Article sponsored by Cetylite. Cherie Wink, RDH was not a paid endorser for this article.
Cetacaine Liquid (Benzocaine 14%, Butamben 2%, Tetracaine HCl 2%), the prescription topical anesthetic from Cetylite, is frequently recommended as a pain control option for procedures such as scaling and root planing. Cetacaine can be placed into periodontal pockets to provide 30 to 60 minutes of needle-free pain control for dental hygiene patients.
How does Cetacaine stack up against other topical anesthetics? Are there other uses that dental hygienists should be aware of during the treatment of their patients? For the answers to these questions, we consulted with Cherie Wink, RDHMP, BS. A dental hygiene instructor, Wink offered her perspective about Cetacaine, based on her teaching experiences at Concorde College in Garden Grove, Calif.
Wink teaches instrumentation, pathology and special needs courses. She has been a hygienist for 28 years, and she is also an appointed assistant research specialist at the Beckman Laser Institute, School of Medicine, University of California, Irvine, where she has had the honor of assisting with various groundbreaking dental research projects.
Today’s RDH: What challenges, if any, were presented by other prescription topical anesthetics that led you to hope that Cetacaine would provide a solution?
Wink: The practice of compounding formulations of topical anesthetics seems to be a growing practice. On more than one occasion, I would show up for work and be introduced to another new, compounded Rx topical anesthetic that the dentist wanted me to use. They would be packaged in a gel or cream consistency, which made subgingival delivery and dosing challenging. After doing some research, I learned that formulation strengths may vary, which could pose a problem for certain patients. Learning that there is a small difference between a therapeutic dose and a potentially harmful one made me quickly reconsider using them.
Today’s RDH: What, if anything, stood out to you about using Cetacaine Liquid?
Wink: Several features stood out to me the first time I used Cetacaine. I was surprised at what a small amount it took to achieve adequate anesthesia within the sulcus or pocket. Additionally, the duration time of 30 to 60 minutes was a welcomed benefit because this provided me plenty of time to complete a scaling procedure without having to reapply additional product.
Today’s RDH: What factors influenced your use of a topical over an injectable anesthetic?
Wink: Convenience and patient acceptance. There will always be certain cases that require traditional nerve blocks via injectable anesthetics. With that said, it seems to make my job a little easier and the patient happier whenever I can provide needle-free anesthesia that really works. I don’t believe I have ever encountered a patient who particularly enjoys receiving injections and their fear of injections is an issue that needs to be addressed so they can comfortably receive the necessary treatment.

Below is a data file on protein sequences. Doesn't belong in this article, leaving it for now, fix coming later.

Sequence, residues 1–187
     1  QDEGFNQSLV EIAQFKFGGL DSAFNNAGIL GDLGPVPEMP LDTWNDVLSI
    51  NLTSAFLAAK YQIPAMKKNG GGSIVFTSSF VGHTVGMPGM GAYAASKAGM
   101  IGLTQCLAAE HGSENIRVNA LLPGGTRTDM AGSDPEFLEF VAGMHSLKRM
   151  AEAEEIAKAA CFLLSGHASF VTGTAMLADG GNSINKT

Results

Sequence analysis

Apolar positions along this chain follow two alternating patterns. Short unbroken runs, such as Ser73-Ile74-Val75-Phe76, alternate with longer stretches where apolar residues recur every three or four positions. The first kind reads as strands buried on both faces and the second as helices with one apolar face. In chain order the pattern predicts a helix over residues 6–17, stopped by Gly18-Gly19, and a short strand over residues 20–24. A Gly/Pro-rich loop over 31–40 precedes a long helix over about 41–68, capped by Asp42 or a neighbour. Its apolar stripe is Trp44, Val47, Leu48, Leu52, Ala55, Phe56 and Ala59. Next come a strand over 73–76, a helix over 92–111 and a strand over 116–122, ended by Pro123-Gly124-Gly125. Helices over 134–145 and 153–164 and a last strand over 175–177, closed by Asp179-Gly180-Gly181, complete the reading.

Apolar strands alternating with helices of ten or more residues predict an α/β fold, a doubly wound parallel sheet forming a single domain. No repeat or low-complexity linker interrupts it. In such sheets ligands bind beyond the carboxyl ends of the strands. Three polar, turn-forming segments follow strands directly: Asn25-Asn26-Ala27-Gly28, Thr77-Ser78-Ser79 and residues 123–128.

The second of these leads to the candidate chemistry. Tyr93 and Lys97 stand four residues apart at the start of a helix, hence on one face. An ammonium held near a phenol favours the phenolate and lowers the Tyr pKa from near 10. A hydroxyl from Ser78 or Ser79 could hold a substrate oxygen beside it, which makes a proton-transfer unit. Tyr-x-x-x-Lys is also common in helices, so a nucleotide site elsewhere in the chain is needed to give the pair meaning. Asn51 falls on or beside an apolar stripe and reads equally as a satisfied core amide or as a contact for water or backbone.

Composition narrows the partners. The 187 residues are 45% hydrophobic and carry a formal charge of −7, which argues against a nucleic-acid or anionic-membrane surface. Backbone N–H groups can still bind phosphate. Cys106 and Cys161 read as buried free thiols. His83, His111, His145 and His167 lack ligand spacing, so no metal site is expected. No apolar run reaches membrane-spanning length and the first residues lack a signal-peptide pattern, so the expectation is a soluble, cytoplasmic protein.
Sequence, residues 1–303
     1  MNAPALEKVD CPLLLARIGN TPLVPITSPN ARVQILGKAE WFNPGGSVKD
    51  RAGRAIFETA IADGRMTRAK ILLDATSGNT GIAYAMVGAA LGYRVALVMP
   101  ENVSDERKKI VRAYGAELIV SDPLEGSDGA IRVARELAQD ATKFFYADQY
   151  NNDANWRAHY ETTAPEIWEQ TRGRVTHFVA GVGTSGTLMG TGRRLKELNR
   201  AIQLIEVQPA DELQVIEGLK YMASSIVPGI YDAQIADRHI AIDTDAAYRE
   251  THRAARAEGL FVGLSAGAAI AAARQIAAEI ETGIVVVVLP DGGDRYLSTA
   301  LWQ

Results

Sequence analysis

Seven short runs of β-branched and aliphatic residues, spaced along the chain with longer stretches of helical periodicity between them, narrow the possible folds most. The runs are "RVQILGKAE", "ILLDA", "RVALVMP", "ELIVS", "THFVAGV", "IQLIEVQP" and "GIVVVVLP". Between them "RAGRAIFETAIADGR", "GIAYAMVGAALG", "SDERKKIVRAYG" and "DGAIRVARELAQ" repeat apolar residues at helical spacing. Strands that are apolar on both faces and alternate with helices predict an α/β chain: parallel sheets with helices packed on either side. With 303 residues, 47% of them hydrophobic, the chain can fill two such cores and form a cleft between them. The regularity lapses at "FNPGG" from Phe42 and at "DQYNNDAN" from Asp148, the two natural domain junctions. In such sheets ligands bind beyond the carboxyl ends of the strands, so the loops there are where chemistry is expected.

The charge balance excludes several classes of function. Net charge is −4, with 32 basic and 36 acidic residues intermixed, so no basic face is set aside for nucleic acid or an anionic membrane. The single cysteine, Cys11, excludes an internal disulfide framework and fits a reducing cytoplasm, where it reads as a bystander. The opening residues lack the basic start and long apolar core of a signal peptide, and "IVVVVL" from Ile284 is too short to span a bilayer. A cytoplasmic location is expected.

Today’s RDH: What treatments do you consider using Cetacaine Liquid for?
Wink: I use Cetacaine liquid for certain types of scaling procedures in the presence of inflammation, use of a diode laser, and localized sites of periodontal probing where the patient has deep pocketing.
Today’s RDH: As a hygiene instructor, how do you advise students when a prescription topical anesthetic makes sense over an injectable?
Wink: We teach our students that it is an ethical responsibility to select the safest agent and most appropriate delivery method for our patients based on their individual needs. We must know the relative toxicity of the agents we use and be vigilant about staying up to date regarding their use. Some examples of criteria which would indicate the selection of a prescription topical over an injectable anesthetic agent include:
- Sensitivity experienced is gingival and not dentinal
- Patient has a fear of needles or injections which may interfere with treatment acceptance or compliance
- Area(s) requiring anesthesia is localized and does not require penetration into oral mucosa greater than 2-3 mm
Today’s RDH: What, if any, differences do you notice when using Cetacaine Liquid vs. other prescription topical anesthetics?
Wink: The liquid consistency combined with the small amount administered means there is no extrusion from the pocket. Therefore, there is no need to rinse or wipe away any excess in the patient’s mouth after application.
Today’s RDH: What if any differences did you notice about the Cetacaine dispensing and dosing system vs. other prescription topical anesthetics you have used?
Wink: Cetacaine allows for adjustable dosing, so the clinician can dispense and use only what is needed while avoiding waste.
Today’s RDH: What if anything did you notice about the viscosity of Cetacaine?
Wink: Unlike a thermogel, which becomes gelatinous or viscous upon contact of the tissues, Cetacaine remains in a liquid form during delivery. This consistency makes it easy to avoid extrusion into the oral cavity, and I don’t have to worry about it traveling or affecting distant sites.